For the theater and science course I am teaching this fall at Emory, I have assigned reading from scholars who are integrating a scientific perspective into their study of drama—work that was only just beginning to be done when I taught the course the first time—rather than having the students read the science to come up with their own integration. It will also be more historically contained: we will read Hamlet and Satisfying Skepticism, Ellen Spolsky’s book about epistemology in the arts and sciences of the Renaissance, and then Membranes: Metaphors of Invasion in Nineteenth-Century Literature, Science, and Politics by Emory Professor of English Laura Otis alongside Henrik Ibsen’s A Doll’s House. Otis’s book explores a concern with borders and containment that continues through the Cold War, as we will see in Bruce McConachie’s book American Theatre in the Culture of the Cold War. In the final weeks we will read current research on memory, mirror neurons, and phantom limbs and ask how this might inform our reading of two important plays from the last few years. I am also shifting the performance focus this time, so that students will work on monologues from the plays over the course of the semester, exploring how the
readings might enrich their presentation without requiring that they “present” the science through the monologue. They will then prepare a brief lecture on the scientific theory that they found most illuminating in working on their monologue. I cannot wait to learn what works and
what doesn’t this time around.
The play’s the thing
If you want passionate discussions from undergraduates, cast them in a play. The pedagogical theory of Erasmus recommended that Renaissance students write orations from the perspective of different historical and fictional characters, and it encouraged imagination and comprehension. The first week of rehearsals for a play is often spent doing “table work”—thinking about the play without the body. When I was asked to direct the undergraduate production at UCSD I required that the cast take a class with me prior to the start of rehearsals. The play I selected was a comedy about Shakespeare and the disputed authorship of his plays, The Beard of Avon by Amy Freed, and I wanted the cast to read the referenced works by Shakespeare, The Queen Majesty’s Passage, Novum Organum, historical documents on social hierarchy, selections from various biographies of William Shakespeare, and arguments for and against Shakespeare’s authorship. Each week, students would present research on their character, so that we all knew more about, for example, Sir Francis Walsingham than I could ever have imagined. Moreover, discussions about Venus and Adonis or the Dark Lady Sonnets took on fiery importance once the cast became more familiar with the perspective of their characters.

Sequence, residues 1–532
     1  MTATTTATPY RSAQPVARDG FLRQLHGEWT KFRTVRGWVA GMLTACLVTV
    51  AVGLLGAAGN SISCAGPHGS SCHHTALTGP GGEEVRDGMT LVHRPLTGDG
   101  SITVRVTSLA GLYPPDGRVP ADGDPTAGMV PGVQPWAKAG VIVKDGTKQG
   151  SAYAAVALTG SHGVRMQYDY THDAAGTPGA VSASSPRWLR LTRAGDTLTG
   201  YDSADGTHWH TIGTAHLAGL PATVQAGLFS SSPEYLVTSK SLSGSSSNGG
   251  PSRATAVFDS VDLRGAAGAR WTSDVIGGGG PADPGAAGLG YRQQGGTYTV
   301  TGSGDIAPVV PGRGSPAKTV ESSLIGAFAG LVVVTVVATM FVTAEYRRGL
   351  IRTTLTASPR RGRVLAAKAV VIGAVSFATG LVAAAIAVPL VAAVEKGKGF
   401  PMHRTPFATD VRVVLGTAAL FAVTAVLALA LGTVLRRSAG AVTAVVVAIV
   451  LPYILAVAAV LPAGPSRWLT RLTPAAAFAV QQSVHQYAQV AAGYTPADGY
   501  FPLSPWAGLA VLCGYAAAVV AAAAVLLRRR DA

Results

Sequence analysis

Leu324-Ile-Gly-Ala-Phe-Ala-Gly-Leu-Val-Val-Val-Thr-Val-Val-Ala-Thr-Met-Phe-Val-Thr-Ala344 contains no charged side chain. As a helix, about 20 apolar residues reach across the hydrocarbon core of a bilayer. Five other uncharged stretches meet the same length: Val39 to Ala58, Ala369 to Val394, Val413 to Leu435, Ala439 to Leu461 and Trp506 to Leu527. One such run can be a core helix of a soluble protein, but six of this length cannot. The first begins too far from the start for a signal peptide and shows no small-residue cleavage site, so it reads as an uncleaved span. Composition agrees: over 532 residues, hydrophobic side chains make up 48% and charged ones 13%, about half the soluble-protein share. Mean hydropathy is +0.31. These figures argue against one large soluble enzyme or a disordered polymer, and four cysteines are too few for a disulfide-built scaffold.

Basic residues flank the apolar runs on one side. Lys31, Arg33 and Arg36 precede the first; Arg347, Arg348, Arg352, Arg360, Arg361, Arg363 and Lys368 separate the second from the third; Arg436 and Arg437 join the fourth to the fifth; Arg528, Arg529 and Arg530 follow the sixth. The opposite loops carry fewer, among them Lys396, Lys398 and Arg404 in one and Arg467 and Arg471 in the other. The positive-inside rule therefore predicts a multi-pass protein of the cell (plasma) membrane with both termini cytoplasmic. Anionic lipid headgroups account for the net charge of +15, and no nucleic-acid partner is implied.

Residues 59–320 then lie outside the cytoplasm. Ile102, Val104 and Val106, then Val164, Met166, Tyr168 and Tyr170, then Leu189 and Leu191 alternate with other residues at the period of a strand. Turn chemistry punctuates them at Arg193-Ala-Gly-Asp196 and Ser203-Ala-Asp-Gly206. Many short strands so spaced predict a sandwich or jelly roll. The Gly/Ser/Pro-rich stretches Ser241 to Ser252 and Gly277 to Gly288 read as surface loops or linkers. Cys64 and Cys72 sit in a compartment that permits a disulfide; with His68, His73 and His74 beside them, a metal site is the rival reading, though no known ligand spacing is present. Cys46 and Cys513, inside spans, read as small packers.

Once we began working on the text, it became clear that we needed a method of unpacking the dense Shakespearean language. I had the students read Metaphors We Live By, a small introductory book on conceptual metaphor theory by George Lakoff and Mark Johnson and a chapter on the cognitive linguistics of jokes from Seana Coulson’s Frame Shifting. This opened up the language and comedy in a whole new way and exposed the students to a method of digging in language for meaning and comedy. We began tracking the use of the word “nothing” in the play, as a bawdy reference to female genitalia and as a counterfactual space defined by something. Students began breathing life into “dead” metaphors and catching, as one character puts it in the play, “the dread contagion of poetry.”
Despite the social superpowers bestowed on those graduates capable of tossing words like “pluripotent,” “fMRI,” and “heteronormative hegemony” into a conversation, this really is not the goal of an undergraduate education. I would like to think of my areas of study as the “medium” through which I teach undergraduate students the same thing everyone else across the campus is trying to teach them: to write, to think, to question, to argue, to solve. I often think about Einstein’s experience with theater: his “discovery” of relativity occurred not just because he asked what would happen if he traveled the speed of light but also because he attempted to stage it. While other daydreaming kids have thought such things, Einstein thought through the ramifications of such a fantasy and realized that science needed to expand its physics to make way for his play. Theater belongs at the crossroads of the academy because it necessitates an
embodiment and imagination to learning.